As an Amazon seller, you know the basics of Amazon’s payout schedule and have likely experienced an unavailable balance at some point. Simply put, Amazon pays you every 14 days or longer. But have you ever wondered why there’s a 14 day delay — or why you might have to wait longer than two weeks for payment?
To help you answer these questions (and more), we put together the definitive guide on all things Amazon payments. Read on to learn more about Amazon’s payment terms, when and how you’ll actually get paid, how you can initiate early payments, what your cash flow options are, and more.
When you have a better understanding of Amazon payouts and unavailable balances, you can take more control over your income — and your business’ growth. Let’s get started…
What are Amazon’s Payment Terms?
In most situations, Amazon pays Professional Sellers every two weeks, with each payment including 14 days of orders (less Amazon’s fees) that were delivered at least 7 days ago. The actual dates of each payout typically depend on when you signed up as a seller. Said differently, Amazon does not necessarily initiate payments on the 1st and 15th of each month, like some marketplaces do.
When all is said and done, proceeds are paid out 7 days after the latest estimated delivery date — Amazon values customer satisfaction and holding your payout for 7 days allows the buyer to assess their order and confirm that it’s in the promised/expected condition.
If a customer is dissatisfied and wants to make a return within that seven-day window, it will be processed from the funds that Amazon has on hold. Here’s a sample timeline from Amazon about the payout schedule:
All this to say, some sellers have to wait more than 14 days for payment. Here are a few reasons why:
- If orders are delivered within 7 days of your payout date, the balance will roll over into the next payment period
- Actual transfers can take 3-5 business days to post to your account
- Amazon might hold back all or part of your payment for more than 14 days as an “unavailable balance” (more on this below).
How do Amazon Payment Transfers Work — and When Will You Get Your Funds?
When all is said and done, you might not get your payouts for 17-19 business days after making a sale. Let’s break it down:
Amazon uses only one method of payment: ACH transfers to your bank account. Because these are not Same Day ACH transfers, you can expect to see your funds in your bank account within five business days. Whether it’s the next day or the fifth day really depends on the bank you use and the type of account you have.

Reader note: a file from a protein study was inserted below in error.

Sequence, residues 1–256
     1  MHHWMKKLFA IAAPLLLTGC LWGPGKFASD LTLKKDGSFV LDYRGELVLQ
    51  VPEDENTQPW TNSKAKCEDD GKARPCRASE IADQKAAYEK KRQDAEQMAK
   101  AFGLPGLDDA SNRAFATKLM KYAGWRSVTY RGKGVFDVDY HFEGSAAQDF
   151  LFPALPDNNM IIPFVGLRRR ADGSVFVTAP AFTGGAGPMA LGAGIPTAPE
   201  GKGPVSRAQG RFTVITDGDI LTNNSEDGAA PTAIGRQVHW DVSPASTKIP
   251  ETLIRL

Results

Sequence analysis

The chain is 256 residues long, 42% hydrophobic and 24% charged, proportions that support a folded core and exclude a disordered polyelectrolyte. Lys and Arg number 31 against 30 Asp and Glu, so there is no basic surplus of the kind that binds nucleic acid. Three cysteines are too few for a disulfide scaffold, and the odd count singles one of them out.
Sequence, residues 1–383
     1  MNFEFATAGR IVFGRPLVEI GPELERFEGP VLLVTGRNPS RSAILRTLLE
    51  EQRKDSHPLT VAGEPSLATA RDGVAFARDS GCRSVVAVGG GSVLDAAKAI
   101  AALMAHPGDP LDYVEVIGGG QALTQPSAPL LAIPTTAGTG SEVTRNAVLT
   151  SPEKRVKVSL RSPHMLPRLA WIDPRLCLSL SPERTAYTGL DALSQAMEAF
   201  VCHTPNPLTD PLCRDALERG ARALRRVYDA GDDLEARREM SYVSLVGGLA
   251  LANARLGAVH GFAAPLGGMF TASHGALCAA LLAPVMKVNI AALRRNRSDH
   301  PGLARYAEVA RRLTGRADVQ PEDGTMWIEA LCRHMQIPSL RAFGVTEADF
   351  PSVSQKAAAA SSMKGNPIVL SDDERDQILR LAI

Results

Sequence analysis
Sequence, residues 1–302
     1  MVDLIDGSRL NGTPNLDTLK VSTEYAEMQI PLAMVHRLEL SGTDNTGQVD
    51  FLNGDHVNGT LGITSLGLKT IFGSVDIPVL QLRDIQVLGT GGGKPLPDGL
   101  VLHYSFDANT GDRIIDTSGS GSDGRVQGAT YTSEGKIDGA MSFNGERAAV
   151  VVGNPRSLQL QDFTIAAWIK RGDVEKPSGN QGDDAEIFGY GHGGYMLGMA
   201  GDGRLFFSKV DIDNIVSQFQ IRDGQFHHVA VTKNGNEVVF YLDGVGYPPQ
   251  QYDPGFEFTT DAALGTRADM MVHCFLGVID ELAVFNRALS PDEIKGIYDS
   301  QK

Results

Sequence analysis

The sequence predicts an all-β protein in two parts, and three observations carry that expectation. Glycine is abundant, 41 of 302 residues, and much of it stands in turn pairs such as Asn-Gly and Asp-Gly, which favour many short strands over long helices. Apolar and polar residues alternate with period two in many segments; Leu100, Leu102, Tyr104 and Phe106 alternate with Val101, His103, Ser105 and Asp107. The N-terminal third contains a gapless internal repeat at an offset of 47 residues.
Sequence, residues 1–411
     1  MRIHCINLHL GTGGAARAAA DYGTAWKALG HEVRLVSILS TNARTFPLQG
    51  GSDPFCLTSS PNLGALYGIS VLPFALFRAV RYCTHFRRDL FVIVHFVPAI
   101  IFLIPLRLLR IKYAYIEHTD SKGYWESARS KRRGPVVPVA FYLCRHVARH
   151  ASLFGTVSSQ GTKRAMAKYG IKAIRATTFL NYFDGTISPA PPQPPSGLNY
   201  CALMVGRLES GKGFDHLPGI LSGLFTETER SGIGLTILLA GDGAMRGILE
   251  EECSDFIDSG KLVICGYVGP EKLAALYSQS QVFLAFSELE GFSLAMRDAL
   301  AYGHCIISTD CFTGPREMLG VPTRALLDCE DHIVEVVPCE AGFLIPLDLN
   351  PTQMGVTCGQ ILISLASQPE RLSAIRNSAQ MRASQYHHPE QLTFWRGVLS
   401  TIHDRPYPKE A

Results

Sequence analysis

According to Amazon, “Transfers can take 3-5 business days to complete. The current amount displayed is an estimate and may vary from the amount transferred based on new activity in your seller account, including: product sales, fees, refunds, chargebacks, and A-to-z Guarantee Claims.”
This 3-5 business days is in addition to the 14 day payout cycle, hence why you could end up waiting nearly 20 days for payment.
Regardless of how long payment takes to post, you’ll see a deposit labeled in one of two ways (or you might see two individual deposits):
- “Amazon Payments, Inc.” covers transactions where buyers agree to pay on or before the shipment of goods
- “Amazon Services LLC” includes transactions where buyers agree to pay after shipment
What is the Request Transfer Button?
Some sellers have a Request Transfer button in their account — if you are eligible for this feature, you’ll see the button in your Amazon dashboard.
The Request Transfer button is designed to initiate a payment transfer before your regularly scheduled payout date. However, this doesn’t necessarily mean you’re getting paid early. Instead, you are initiating a transfer of the current available payout (i.e. of orders delivered 7-10 days ago that are available on the day you hit the button). The whole amount you see in your account essentially shows you what you WILL have available — in other words, it includes the funds for all orders, not just those marked delivered.
Once you initiate a Request Transfer, the normal payment period closes and a new two-week cycle begins. So, you are effectively pushing out the date of full payment to get a portion of it early.
Original Article written by MIRANDA EIFLER at Payability.com